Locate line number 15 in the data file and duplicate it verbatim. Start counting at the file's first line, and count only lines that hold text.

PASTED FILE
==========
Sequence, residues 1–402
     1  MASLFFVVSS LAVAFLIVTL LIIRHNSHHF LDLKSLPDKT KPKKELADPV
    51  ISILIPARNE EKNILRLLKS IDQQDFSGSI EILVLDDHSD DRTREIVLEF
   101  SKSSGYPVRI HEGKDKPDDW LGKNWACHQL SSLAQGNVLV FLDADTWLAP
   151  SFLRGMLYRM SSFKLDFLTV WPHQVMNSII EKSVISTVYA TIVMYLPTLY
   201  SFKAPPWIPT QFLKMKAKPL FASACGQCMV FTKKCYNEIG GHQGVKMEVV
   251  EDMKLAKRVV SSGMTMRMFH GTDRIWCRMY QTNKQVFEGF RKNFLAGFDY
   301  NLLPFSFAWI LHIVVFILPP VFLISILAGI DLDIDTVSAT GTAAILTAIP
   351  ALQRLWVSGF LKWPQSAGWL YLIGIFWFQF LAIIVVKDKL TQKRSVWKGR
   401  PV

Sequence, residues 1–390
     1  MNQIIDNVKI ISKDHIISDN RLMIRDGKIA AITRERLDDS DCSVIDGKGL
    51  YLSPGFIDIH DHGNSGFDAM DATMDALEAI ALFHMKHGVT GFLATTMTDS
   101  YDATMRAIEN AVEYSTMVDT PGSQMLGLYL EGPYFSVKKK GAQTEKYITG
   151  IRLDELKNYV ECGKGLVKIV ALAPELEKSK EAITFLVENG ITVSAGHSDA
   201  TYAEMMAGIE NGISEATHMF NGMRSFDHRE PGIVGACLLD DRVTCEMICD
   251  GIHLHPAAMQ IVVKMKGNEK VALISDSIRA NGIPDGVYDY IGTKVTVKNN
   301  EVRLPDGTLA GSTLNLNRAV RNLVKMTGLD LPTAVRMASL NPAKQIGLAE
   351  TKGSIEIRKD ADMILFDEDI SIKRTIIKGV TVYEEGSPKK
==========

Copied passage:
   151  IRLDELKNYV ECGKGLVKIV ALAPELEKSK EAITFLVENG ITVSAGHSDA